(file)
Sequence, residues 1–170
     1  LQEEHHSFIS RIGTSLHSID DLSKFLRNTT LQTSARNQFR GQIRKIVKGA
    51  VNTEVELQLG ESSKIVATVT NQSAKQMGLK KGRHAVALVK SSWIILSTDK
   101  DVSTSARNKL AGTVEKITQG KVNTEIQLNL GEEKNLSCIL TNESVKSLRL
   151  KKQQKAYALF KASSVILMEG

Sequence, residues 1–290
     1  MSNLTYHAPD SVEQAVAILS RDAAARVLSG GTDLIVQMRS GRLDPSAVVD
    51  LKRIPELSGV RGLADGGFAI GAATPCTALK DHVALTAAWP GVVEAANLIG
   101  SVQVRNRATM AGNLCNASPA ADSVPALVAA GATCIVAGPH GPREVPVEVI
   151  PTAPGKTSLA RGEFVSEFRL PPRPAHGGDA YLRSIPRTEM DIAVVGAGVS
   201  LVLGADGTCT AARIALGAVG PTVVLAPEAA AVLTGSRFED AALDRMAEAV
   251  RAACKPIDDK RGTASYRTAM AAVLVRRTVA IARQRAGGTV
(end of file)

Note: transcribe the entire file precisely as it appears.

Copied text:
Sequence, residues 1–170
     1  LQEEHHSFIS RIGTSLHSID DLSKFLRNTT LQTSARNQFR GQIRKIVKGA
    51  VNTEVELQLG ESSKIVATVT NQSAKQMGLK KGRHAVALVK SSWIILSTDK
   101  DVSTSARNKL AGTVEKITQG KVNTEIQLNL GEEKNLSCIL TNESVKSLRL
   151  KKQQKAYALF KASSVILMEG

Sequence, residues 1–290
     1  MSNLTYHAPD SVEQAVAILS RDAAARVLSG GTDLIVQMRS GRLDPSAVVD
    51  LKRIPELSGV RGLADGGFAI GAATPCTALK DHVALTAAWP GVVEAANLIG
   101  SVQVRNRATM AGNLCNASPA ADSVPALVAA GATCIVAGPH GPREVPVEVI
   151  PTAPGKTSLA RGEFVSEFRL PPRPAHGGDA YLRSIPRTEM DIAVVGAGVS
   201  LVLGADGTCT AARIALGAVG PTVVLAPEAA AVLTGSRFED AALDRMAEAV
   251  RAACKPIDDK RGTASYRTAM AAVLVRRTVA IARQRAGGTV